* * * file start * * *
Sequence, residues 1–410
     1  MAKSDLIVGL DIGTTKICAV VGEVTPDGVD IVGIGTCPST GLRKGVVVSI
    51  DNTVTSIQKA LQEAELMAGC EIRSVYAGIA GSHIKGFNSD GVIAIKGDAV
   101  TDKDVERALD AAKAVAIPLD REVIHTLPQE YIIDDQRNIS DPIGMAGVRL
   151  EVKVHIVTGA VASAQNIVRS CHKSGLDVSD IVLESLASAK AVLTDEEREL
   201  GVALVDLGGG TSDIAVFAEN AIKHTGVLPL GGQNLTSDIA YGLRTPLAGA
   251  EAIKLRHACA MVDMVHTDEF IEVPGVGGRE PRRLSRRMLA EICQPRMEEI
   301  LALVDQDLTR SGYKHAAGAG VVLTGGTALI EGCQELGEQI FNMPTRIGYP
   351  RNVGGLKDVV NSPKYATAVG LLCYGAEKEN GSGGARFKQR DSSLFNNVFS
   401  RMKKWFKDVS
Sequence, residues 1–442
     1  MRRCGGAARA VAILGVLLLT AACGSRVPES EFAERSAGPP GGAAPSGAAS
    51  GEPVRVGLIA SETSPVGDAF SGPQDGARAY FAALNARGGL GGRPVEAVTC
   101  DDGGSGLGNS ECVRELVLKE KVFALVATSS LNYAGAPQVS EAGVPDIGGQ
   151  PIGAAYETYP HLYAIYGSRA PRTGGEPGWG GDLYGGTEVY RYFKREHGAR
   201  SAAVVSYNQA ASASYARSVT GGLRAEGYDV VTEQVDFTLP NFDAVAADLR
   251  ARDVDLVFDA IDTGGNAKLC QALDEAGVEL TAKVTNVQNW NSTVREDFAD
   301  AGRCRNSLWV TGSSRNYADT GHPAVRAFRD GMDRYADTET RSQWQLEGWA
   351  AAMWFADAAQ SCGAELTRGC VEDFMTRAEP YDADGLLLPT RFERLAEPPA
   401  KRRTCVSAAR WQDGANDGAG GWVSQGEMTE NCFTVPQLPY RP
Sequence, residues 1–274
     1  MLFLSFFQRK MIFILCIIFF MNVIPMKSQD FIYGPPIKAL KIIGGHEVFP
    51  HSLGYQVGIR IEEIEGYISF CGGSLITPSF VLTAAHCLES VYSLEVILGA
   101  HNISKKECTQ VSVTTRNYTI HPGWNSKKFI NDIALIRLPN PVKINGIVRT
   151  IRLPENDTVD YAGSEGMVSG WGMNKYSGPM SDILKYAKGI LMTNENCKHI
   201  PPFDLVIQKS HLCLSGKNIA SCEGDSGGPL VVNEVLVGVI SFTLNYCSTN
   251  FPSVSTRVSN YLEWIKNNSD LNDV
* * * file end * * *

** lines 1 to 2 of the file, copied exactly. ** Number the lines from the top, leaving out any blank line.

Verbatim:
Sequence, residues 1–410
     1  MAKSDLIVGL DIGTTKICAV VGEVTPDGVD IVGIGTCPST GLRKGVVVSI